Why am I so in love with this book? Well, for starters it is extensive! It features nearly 800 local native plants species: trees, shrubs, wildflowers, aquatic plants, grasses, ferns. . . you name it! It even has entire sections on mosses and lichens!
I also love this book because it’s chock full of historical information, name origins, and interesting characteristics for many of the plants. Ethnobotany is a huge interest of of mine and the authors of this book did a really nice job of sprinkling in fascinating information about traditional native uses for many of these local plants for food, medicine and tools, etc.
My only complaint is that the first two sections of the book, which feature Tree and Shrubs species, do not indicate plant families, so you have to figure those out on your own. Luckily, the non-woody wild flowering plants, which make up the majority of species, are sectioned off by plant families. Each of those sections features a nice key to that family so that you can narrow down the species.
So if you enjoy “geeking out” about local plants and their traditional uses, I highly suggest picking up a copy of this book! You can find it HERE.
These next two books are not so much “field guides”. They’re more like reference books. Although both of these books do a great job of describing the distinguishing features of specific plants, they don’t have a dichotomous key for plant identification like a traditional plant field guide would. They sprinkle in some technical botanical information, but that isn’t so much the focus. They don’t feature every single species out there, but rather, they highlight specific species and offer guidance around using those plants for food or medicine:
I just recently got my hands on this beautiful book and I gotta say I’m really enjoying it so far. I find it to be a very clear and straightforward primer on how to identify, harvest, and use specific local wild plants for medicine.
This book features large photos of the plants which are helpful for identification. The author uses really clear language on how to identify each plant, and gives guidance on where, when, and how to wildcraft the species. He discusses the medicinal uses and recommended preparations for the plants, offers words of caution where necessary, and also mentions how to care for the plant so as to ensure future harvesting. The book is written in a way that’s not too overwhelming or advanced, which is really refreshing considering how heady the subject matter can be.
I think what I appreciate most about this book is the way in which the author writes from his own perspective and brings in his personal stories and reflections. It’s clear that he has been cultivating a deep relationship with plants for a long time. I love his chapter on wildcrafting basics and the questions that he offers the reader to consider when wildcrafting. As a teacher myself, I truly appreciate his approach.
This book really draws me in, in a way that other plant medicine books do not. When I read it, it feels like I am being mentored by the author. I feel inspired to get out there and connect with the plants more deeply. As I suggested earlier, the “best“ field guides are the ones that you want to use. For me, this book definitely fits that bill! Check it out HERE.
This book is another recent addition to my library, and I’m so glad that I picked it up. It’s a great book to use with children because it offers some basic introductory information on local wild edible plants. It features large, clear photos and discusses some identifying features of the plants. It offers useful information on where, when, and how to gather the plants, and also includes some basic suggestions on how to prepare the plants for consumption.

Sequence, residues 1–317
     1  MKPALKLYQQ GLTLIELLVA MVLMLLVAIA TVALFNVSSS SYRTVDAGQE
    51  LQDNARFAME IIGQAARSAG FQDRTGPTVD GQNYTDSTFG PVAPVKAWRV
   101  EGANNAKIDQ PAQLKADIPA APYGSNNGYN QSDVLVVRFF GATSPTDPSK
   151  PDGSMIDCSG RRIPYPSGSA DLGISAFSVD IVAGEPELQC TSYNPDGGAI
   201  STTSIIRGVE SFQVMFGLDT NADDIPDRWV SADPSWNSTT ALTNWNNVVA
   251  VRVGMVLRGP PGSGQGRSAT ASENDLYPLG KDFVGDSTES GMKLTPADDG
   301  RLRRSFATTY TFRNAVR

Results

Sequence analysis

You’ll notice that this book does not feature every single wild edible in the Pacific Northwest. Rather, the author took a very practical approach and chose to include species that “navigate the middle ground between aesthetic and utilitarian goals”. So the coveted delicious wild berries such as huckleberry and wild strawberries are featured in this book amongst the less palatable but very abundant “survival foods” such as sword fern roots and skunk cabbage. (By the way, I never knew that you could eat sword fern roots! Now I’m intrigued. . .)
The author was very intentional not only in choosing which plants to include in this book but also in his way of encouraging the reader to cultivate a mindful relationship with the plants. The mentoring that he received from Native elders truly shines through in his discussion around the importance of avoiding over harvesting and honoring the plants that we take by always giving something in return. He offers suggestions on how to care for these wild plants by aiding in their dispersal and propagation.
I truly appreciate the author’s discussion on responsible and sustainable harvesting, as I have witnessed time and time again in my experience as a nature mentor that it is more common than not for children (and adults!) to just march into the forest and take all of the berries that they can without pausing to give thanks or even considering ways to give back to the plants. The reality is that we live in a “taker” culture, where exploitation of resources is normalized, so now it is more important than ever to teach and encourage the practice of cultivating reciprocity with wild plants.
I think this is truly an excellent book for those folks who’d like to dip their toes into the world of local wild foraging. You can find a copy of this book HERE.
Well, there you have it. . . just a FEW of my favorite local plant field guides and reference books. I gotta say that I’ve barely scratched the surface on this one, as there are SO many awesome books out there! I have so much gratitude for the authors of these books for so generously sharing their wisdom and knowledge and encouraging us curious folks to really explore and connect with the wild plants that grow around us. And of course, deep gratitude for the plants, without which we wouldn’t be here!
Now I’d love to hear from YOU! Which are your favorite wild plant field guides and reference books, and what do you like most about them?? Please post a comment below!